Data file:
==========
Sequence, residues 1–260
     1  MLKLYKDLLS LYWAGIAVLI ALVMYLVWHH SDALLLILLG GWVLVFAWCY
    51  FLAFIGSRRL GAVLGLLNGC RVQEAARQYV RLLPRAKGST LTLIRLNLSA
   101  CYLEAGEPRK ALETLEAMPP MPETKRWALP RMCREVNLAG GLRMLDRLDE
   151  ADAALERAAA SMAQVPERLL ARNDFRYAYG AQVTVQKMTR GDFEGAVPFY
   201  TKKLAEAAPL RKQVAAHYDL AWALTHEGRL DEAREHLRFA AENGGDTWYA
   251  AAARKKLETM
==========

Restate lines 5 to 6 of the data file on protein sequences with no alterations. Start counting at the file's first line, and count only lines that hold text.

   151  ADAALERAAA SMAQVPERLL ARNDFRYAYG AQVTVQKMTR GDFEGAVPFY
   201  TKKLAEAAPL RKQVAAHYDL AWALTHEGRL DEAREHLRFA AENGGDTWYA